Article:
The Fixie – Pros and Cons

7 Responses

  1. Luis Bernhardt says:

    Dumb article, Lance Rand is totally clueless. I’m not a hipster, just a former track racer (40+ years racing). I ride just my fixie now. I’ve finished Paris-Brest-Paris & London-Edinburgh-London on it, as well as a number of climbs, including Haleakala on Maui, all on the fixie. Mr. Rand knows nothing about fixies.

    • Hi Luis,

      Thanks for your post.

      I don’t think Lance is saying everybody who rides fixie is a hipster. As he mentions, fixed gear is used in racing – so it makes perfect sense for you to continue to use what you know and like.

      I think the point he’s trying to make is, that there is certainly a hipster-fixie correlation – particularly amongst younger/newer riders, which in turn creates a stigma surrounding fixies, regardless of whether it is justified or not.

      As with most things in life, there are pros and cons – something he’s attempted to cover in this post.

      Thanks,
      Pete

  2. Fixie Convert says:

    I rode my trusty 10 speed vintage road bike for many a year until a recent mishap resulted in a sheered head tube and a search for new wheels. The search ended up being a long one, and in the meantime a generous friend gifted me the use of their “backup” bike – an SF-made fixed gear track bike. I’ll admit, at first I was resistant to the idea of fixed gear riding. I live in a moderately hilly metropolis so my immediate response to the offer of the gift was “but what about the hills??” *cue expression of consternation* “Just try it…” he said.
    My next argument “but what about coasting??” was met with a gentle insistent request that I try it out, and if I didn’t like it, I could simply return it. Well, the search stretched out from one month to two, then two to six, and now, three years later I am still riding the same fixed gear track bike and I LOVE IT.
    Don’t count something out before you try it- regardless of fixed gear cycling’s negative public perception, or any preconceived notions you might have – it is an incredibly versatile, easy and liberating way to experience riding and city life. I wouldn’t trade back for gears for anything!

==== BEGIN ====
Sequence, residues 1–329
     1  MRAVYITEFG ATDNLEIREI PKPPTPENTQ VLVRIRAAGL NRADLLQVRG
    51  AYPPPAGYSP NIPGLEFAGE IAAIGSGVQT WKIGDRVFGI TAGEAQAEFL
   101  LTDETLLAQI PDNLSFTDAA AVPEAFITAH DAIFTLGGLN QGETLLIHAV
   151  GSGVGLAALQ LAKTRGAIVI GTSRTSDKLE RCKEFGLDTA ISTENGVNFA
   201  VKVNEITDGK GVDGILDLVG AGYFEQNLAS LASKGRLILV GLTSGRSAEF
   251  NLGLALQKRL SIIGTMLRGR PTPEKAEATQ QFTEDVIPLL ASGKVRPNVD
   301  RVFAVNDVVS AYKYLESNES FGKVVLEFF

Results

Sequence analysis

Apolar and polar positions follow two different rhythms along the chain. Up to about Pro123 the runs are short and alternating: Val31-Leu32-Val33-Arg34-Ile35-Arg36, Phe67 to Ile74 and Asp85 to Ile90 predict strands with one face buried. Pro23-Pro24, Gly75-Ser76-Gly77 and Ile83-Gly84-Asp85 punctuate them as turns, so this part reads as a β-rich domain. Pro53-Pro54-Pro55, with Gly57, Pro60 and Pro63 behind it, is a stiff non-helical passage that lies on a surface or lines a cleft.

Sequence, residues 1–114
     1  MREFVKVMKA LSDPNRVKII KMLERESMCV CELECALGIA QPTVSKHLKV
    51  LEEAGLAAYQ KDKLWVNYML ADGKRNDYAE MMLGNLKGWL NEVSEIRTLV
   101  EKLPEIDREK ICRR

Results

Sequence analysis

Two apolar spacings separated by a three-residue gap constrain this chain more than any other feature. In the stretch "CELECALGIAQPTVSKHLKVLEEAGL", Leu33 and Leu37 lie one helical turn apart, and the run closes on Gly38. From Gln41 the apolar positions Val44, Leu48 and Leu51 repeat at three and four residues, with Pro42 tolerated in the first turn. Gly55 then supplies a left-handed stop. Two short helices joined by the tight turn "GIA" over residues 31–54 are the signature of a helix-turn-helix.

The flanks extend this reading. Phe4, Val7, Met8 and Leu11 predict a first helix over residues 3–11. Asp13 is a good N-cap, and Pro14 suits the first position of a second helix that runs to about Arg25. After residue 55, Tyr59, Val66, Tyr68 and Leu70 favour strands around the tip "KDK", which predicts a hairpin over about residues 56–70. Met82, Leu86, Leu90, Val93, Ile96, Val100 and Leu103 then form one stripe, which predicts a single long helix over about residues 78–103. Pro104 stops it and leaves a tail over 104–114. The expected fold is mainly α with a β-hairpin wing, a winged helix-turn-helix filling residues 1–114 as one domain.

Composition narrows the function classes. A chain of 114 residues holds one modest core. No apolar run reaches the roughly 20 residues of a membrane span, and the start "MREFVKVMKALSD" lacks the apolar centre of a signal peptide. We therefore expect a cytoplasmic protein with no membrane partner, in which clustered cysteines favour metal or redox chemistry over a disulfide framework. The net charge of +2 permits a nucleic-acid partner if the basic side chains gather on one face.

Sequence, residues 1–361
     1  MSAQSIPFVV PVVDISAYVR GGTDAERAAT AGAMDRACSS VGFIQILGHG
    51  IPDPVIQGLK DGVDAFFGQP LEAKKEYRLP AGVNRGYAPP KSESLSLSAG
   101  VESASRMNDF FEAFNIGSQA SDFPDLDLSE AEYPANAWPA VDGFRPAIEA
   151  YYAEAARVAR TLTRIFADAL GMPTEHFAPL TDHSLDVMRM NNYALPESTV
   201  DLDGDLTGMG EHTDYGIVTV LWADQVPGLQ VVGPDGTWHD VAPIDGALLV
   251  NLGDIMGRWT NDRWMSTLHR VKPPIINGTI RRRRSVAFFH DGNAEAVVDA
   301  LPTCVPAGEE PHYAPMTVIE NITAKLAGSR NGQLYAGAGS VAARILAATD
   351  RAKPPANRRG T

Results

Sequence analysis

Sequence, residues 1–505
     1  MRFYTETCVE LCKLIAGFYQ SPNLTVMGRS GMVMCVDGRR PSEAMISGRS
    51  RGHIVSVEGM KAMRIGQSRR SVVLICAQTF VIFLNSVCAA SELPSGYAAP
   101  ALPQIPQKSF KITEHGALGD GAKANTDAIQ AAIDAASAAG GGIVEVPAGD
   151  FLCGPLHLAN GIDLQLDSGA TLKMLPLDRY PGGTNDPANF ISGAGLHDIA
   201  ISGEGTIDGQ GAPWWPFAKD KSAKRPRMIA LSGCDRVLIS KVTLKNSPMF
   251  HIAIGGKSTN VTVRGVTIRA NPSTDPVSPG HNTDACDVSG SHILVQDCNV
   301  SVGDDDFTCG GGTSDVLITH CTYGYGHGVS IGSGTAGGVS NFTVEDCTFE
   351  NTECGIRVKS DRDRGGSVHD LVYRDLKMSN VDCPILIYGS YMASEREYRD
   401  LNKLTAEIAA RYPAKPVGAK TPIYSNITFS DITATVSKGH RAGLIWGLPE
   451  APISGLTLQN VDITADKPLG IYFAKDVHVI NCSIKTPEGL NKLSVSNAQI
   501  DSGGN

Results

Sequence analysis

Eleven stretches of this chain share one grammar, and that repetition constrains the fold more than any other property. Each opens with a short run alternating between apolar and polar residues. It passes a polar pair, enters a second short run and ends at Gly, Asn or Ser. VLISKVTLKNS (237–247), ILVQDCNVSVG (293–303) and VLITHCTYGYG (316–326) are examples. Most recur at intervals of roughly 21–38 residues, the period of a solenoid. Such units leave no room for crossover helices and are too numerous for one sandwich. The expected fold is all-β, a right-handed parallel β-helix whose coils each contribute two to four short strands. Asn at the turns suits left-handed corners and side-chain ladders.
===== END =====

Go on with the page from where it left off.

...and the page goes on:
3. Ray Dobson says:

    Well, I definitely have to agree with many aspects of the article and the comments. I myself have been riding for two years, both fixed and freewheel (road, to be specific). Although the road bike is so much easier to use, I have to say that there is something appealing about the fixed gear that draws me in every time. I have an old beat up purefix bicycle and have swapped in components here and there. In fact, I have to agree with many people that the bike truly is just a means of transport, it doesn’t have to be a social status.
    Many of the kids at my school purchase these super expensive bikes from Cinelli and Bianchi and upgrade it to the max with SRAM and Omnium cranks and Fi’zi:k saddles. Furthermore, I hate how these “hipsters” have transformed the true meaning of cycling and how its become a social status. If it’s comfortable and it gets you around, then go for it.

    • Hi Ray,

      Thanks for your comment. I personally prefer freewheel, but I too can understand the appeal of fixed gear.

      I don’t think Hipsters are necessarily changing the meaning of cycling. It’s simply a fashion accessory for them.

      The hipster movement will change/dilute/end in a couple of years, but bikes will remain and hopefully more people will see it as a genuinely great mode of transport – particularly in urban areas. The more people that cycle, the better – regardless of who they are.

      Pete

  4. Robert says:

    Single speed bicycle is just awesome. I don’t want to change gear while riding. Thanks for the pros and cons of this.

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